Problems With the President’s Plans
If one thing’s certain, we know what not to do when it comes to saving the banks. We shouldn’t let short sellers continue their bear raids unregulated or demonize the sector’s executives or persist with ill-timed accounting rules. The sad thing, though, is that we’re doing those very things right now. They’re White House policy.
Look, without the uptick rule, which requires a stock’s price to tick up in price before a trader can sell it short, those bear raids will continue. And the UltraShort Financial ProShares fund, which turns a $1 investment into $2, would only add to the damage done. So the reinstatement of this regulation is necessary to restore stability in the markets, especially among the financials.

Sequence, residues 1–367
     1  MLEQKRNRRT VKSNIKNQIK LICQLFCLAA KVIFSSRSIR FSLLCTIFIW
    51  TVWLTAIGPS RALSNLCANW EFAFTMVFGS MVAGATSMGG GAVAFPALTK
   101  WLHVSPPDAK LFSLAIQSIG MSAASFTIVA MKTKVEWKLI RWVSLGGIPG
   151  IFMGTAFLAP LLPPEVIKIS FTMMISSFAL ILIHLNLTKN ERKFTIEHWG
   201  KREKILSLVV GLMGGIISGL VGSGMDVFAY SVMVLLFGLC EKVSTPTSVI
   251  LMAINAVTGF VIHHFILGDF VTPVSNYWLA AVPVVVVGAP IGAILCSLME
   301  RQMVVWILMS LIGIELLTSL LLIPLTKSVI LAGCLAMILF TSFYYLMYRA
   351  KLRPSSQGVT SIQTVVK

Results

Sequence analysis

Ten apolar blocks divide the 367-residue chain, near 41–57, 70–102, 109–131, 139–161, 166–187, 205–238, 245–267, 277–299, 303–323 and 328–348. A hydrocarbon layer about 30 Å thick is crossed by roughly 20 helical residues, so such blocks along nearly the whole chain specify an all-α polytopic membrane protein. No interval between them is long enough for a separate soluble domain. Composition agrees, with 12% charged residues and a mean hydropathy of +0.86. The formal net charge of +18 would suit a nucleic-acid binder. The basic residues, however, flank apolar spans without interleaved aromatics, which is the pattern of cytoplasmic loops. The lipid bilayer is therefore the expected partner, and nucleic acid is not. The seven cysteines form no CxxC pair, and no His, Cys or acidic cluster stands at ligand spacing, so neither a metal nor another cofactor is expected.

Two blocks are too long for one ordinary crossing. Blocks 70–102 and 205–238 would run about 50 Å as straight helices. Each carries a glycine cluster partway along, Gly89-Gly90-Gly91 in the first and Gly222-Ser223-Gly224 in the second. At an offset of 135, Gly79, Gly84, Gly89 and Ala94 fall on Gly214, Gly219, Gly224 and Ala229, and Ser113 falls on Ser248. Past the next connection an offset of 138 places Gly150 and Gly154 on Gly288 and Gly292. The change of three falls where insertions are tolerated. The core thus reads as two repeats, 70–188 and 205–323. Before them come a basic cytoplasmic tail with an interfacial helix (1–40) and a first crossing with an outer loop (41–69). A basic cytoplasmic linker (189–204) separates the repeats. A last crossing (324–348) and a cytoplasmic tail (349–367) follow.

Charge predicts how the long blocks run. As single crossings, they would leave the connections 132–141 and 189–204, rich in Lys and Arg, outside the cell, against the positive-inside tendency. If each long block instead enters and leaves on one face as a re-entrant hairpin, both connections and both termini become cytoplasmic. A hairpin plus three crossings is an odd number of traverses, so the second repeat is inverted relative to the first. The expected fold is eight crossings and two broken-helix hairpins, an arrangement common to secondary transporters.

The cartoonish characterization of villainous bank CEOs only serves the short seller’s ends as well. Such notions sow fear and doubt in the markets, which sends investors into a sell-off panic, and the bears cash in on that.
Plus, mark-to-market accounting rules play their part as well. Banks are forced to value assets at the market’s presently low prices even though those assets are in fact worth much more. Cramer thinks we should follow the suggestions of JPMorgan Chase CEO Jamie Dimon and Federal Reserve Chairman Ben Bernanke, who are calling for key changes in these rules.
Of course, there’s no guarantee that Cramer’s recommendations should save all the banks. But he thinks that some would be spared while the best among them would prosper. In fact, the only guarantee is that this sector will collapse if we do nothing.
Cramer's charitable trust owns JPMorgan Chase.
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